Sodom south of the border

Gore and humor join forces in From Dusk Till Dawn

What's noteworthy here is that Lewis brings a newness to the part that has long been lacking. Kate seems genuinely pious and devoted to her family, so when she accepts Seth's offer of a shot of whiskey, you can't tell whether she's tempted merely because she's surrounded by this Sodom south of the border, or if she has finally decided to stretch her wings à la Patty Hearst. It's a nice ambiguity--one of the few in the film's second act.

The biggest distraction is the performance by Tarantino. In interviews, Tarantino has said he got involved in movies because he has wanted to be an actor since he was a little boy. He gave himself small parts in Reservoir Dogs, Pulp Fiction, and Four Rooms, and has taken cameos in other directors' movies. Based on his performance here, he'd be well-advised to stick to writing and directing. With his Jay Leno-scale chin, weaselly lips, and high-slung forehead, he looks less like a serial rapist than he does some geeky college dropout. Add to that his whiny voice and mundane line-readings, and you'll wonder why Seth doesn't shoot him rather than the state troopers.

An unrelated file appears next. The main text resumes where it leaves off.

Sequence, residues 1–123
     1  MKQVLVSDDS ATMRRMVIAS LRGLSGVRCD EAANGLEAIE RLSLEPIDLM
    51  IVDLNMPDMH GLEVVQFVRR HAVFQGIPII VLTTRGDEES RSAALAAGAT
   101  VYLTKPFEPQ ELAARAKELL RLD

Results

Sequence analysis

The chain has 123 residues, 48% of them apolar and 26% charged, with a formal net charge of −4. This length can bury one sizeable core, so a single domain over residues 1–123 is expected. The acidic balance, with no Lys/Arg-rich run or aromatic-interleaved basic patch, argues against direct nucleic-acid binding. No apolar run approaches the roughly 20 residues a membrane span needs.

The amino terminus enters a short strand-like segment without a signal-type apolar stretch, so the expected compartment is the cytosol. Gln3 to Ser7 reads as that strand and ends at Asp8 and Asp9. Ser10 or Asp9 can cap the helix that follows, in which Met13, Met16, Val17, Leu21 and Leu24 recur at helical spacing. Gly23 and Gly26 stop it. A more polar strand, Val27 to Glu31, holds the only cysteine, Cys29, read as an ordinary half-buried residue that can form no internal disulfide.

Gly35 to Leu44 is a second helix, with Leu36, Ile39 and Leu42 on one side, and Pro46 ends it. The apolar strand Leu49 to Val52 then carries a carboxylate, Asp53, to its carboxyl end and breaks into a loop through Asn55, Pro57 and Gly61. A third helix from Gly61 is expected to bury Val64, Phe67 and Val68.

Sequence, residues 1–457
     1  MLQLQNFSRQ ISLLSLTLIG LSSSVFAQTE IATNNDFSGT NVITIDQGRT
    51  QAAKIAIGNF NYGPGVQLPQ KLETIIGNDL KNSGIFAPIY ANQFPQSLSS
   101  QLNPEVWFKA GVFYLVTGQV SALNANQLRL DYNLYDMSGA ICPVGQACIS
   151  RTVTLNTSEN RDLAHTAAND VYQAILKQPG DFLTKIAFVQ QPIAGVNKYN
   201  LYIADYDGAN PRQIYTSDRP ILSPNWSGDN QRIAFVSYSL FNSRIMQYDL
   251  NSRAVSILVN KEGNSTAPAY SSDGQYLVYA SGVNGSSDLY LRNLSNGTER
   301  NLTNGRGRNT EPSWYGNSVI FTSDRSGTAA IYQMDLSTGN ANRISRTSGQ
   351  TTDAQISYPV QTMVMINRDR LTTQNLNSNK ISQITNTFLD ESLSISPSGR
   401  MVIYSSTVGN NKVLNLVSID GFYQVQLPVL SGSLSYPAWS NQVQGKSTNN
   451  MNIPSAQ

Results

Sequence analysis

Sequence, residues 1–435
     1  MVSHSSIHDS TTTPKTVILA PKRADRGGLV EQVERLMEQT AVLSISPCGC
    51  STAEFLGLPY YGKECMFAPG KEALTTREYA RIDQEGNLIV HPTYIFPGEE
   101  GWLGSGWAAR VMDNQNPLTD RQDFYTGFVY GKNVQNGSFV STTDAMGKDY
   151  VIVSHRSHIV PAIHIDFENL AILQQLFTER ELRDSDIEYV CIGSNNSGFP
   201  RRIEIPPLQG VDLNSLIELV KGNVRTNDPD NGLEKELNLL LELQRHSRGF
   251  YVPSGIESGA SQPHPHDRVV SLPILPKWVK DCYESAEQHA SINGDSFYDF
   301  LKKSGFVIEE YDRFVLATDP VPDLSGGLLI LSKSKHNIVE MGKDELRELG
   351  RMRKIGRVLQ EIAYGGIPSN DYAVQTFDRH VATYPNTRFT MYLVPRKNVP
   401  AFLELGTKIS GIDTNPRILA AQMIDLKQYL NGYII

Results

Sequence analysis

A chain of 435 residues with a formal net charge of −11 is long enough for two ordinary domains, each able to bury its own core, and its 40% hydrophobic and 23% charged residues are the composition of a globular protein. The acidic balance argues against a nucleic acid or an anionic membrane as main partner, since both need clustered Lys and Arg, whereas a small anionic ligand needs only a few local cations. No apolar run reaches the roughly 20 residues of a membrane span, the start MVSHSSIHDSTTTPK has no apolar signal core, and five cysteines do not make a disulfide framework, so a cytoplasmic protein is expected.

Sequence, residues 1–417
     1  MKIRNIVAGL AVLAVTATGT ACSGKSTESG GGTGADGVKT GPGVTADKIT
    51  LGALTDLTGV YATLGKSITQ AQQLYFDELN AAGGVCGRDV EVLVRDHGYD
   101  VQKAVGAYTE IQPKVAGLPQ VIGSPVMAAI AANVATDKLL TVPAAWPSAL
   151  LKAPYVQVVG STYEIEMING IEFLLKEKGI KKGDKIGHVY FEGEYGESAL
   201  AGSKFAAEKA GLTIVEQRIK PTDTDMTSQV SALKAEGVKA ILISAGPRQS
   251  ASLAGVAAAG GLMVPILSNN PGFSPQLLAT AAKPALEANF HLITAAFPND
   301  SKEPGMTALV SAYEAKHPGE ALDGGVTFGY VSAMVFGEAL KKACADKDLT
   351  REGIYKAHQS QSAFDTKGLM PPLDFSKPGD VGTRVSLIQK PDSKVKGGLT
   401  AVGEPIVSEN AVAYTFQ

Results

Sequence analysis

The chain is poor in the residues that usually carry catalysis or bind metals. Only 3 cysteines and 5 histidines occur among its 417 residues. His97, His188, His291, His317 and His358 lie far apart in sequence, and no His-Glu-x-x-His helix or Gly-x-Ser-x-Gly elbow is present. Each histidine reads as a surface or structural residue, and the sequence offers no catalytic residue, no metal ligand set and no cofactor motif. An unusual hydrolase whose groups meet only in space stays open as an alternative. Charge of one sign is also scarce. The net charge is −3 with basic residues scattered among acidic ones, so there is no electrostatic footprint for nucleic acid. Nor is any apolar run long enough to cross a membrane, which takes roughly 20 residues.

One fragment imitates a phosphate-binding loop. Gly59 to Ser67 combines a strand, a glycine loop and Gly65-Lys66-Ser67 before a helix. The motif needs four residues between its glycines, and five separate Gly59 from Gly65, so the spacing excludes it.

From Dusk Till Dawn doesn't get too hung up on the mythology of vampires; in fact, it pretty much makes up the rules as it goes along. How long does it take to become a vampire? That depends on who's bitten. How do you know they are dead? They burn up, or explode, depending on which looks coolest.

What "looks coolest," in fact, seems to be the sustaining principle behind Rodriguez's operatic work. From Dusk Till Dawn isn't classical Italian opera, though, but a horse opera--a seedy parable about life on the road, a morality play populated exclusively by amoral characters. There's no meaning to it, nothing but blood and butchery neatly packaged to be enjoyed and disgusted by. Rodriguez just wants to entertain you for a few hours; if you aren't entertained, well, don't say he didn't try.

From Dusk Till Dawn. Dimension Films. George Clooney, Harvey Keitel, Juliette Lewis, Quentin Tarantino. Written by Tarantino. Directed by Robert Rodriguez. Now showing.

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